Indian Patent Office approves patent for Gilead's hepatitis C drug Solvadi

May 11, 2016 13:13 IST

Gilead   SciencesThe Controller General of Patents, Designs and Trademark on 9 May 2016 granted the patent to Gilead Sciences for its Hepatitis C drug Sofosbuvir (brand name Sovaldi) in India.

The drug, which has a list price of 1000 US dollar a pill in the United States, was rejected for a patent by the Indian patent authority in January 2015. It was rejected on the basis that it represented only minor changes to a previous formulation, and the company already had licensing deals with manufacturers in India.

About Indian Patent Office

The Indian Patent Office is administered by the Office of the Controller General of Patents, Designs & Trade Marks (CGPDTM).

It is a subordinate office of the Government of India and administers the Indian law of Patents, Designs and Trade Marks.

The CGPDTM reports to the Department of Industrial Policy and Promotion (DIPP) under the Ministry of Commerce and Industry.

CGPDTM has five main administrative sections, which are Patents, Designs, Trademarks, Geographical indications, and Patent Information System.

The patent office is headquartered at Kolkata. The office of the CGPDTM is in Mumbai.

About Sofosbuvir

Sofosbuvir is a nucleotide analogue used in combination with other drugs for the treatment of hepatitis C virus (HCV) infection.

It has been marketed since 2013.

Compared to previous treatments, sofosbuvir-based regimens provide a higher cure rate, fewer side effects and a two- to four-fold reduced duration of therapy.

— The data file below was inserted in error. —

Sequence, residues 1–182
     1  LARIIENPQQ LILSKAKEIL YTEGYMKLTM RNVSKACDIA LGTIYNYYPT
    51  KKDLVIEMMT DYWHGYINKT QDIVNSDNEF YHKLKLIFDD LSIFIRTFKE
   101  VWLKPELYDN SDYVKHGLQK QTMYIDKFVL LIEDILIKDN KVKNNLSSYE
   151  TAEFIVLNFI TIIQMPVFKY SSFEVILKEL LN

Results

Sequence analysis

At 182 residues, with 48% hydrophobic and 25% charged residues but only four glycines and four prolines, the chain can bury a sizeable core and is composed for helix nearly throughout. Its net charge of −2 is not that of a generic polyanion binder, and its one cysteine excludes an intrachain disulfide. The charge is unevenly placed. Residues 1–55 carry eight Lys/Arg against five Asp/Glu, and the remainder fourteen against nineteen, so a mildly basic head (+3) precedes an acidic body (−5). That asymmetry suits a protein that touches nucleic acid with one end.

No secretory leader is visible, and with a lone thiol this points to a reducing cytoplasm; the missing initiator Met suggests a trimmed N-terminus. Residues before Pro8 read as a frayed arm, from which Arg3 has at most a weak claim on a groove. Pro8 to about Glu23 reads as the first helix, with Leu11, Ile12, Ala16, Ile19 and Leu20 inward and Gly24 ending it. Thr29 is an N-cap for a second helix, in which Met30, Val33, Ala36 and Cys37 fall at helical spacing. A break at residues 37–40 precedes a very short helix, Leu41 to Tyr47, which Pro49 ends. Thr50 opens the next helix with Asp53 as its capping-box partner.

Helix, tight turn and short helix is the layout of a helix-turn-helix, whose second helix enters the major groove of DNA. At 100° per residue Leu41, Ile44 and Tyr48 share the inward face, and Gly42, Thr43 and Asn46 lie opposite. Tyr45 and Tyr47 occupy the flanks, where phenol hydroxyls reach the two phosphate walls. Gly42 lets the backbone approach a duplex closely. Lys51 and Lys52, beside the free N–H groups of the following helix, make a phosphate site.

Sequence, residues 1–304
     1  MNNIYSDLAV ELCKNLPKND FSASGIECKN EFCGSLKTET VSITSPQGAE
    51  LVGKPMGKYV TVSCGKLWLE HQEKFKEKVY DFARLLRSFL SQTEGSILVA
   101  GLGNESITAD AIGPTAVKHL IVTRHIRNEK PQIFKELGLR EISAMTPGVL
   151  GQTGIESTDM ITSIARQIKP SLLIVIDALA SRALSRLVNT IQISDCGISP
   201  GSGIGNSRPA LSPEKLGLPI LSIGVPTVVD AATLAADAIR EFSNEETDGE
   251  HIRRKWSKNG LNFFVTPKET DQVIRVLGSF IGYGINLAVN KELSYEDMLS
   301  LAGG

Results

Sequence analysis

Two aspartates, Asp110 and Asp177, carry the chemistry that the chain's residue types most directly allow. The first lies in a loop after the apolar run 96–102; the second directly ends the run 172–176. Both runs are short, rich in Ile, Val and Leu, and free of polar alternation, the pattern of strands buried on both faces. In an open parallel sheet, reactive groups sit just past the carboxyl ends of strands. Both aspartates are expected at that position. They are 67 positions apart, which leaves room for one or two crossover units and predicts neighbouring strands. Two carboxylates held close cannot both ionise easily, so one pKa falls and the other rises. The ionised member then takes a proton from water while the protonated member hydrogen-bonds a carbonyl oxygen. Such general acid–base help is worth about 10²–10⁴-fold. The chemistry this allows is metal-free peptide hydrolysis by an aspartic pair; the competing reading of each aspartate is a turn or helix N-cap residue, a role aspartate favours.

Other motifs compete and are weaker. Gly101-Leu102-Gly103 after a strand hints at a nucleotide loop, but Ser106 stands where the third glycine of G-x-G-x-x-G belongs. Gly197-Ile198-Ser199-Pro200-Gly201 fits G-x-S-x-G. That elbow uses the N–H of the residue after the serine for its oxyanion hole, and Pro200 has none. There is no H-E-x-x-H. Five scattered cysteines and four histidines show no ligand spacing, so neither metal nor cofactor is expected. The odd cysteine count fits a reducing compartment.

Sofosbuvir inhibits the RNA polymerase that the hepatitis C virus uses to replicate its RNA. It was discovered at Pharmasset and developed by Gilead Sciences.

The price of sofosbuvir is quoted in various media sources as 84000 US dollar to 168000 US dollar for a course of treatment in the U.S.

It is on the World Health Organization's List of Essential Medicines.

About Gilead Sciences

Gilead Sciences is an American biopharmaceutical company that discovers, develops and commercializes therapeutics.

In 2006, Gilead acquired two companies, which were developing drugs to treat patients with pulmonary diseases.

The company's name and logo refer to the Balm of Gilead, inspired by a 1965 play by Lanford Wilson featuring the underworld adventures of the patrons of the namesake cafe.

About Hepatitis C

Hepatitis C is an infectious disease caused by the hepatitis C virus (HCV) that primarily affects the liver.

The virus persists in the liver in about 75% to 85% of those initially infected.

HCV is spread primarily by blood-to-blood contact associated with intravenous drug use, poorly sterilized medical equipment, needlestick injuries in healthcare, and transfusions. It may also be spread from an infected mother to her baby during birth.

There is no vaccine against hepatitis C.

Chronic infection can be cured about 90% of the time with treatments that include the medications sofosbuvir or simeprevir.

An estimated 130–200 million people worldwide are infected with hepatitis C.

It occurs most commonly in Africa and Central and East Asia.

The existence of hepatitis C, originally identifiable only as a type of non-A non-B hepatitis, was suggested in the 1970s and proven in 1989.

Hepatitis C infects only humans and chimpanzees.

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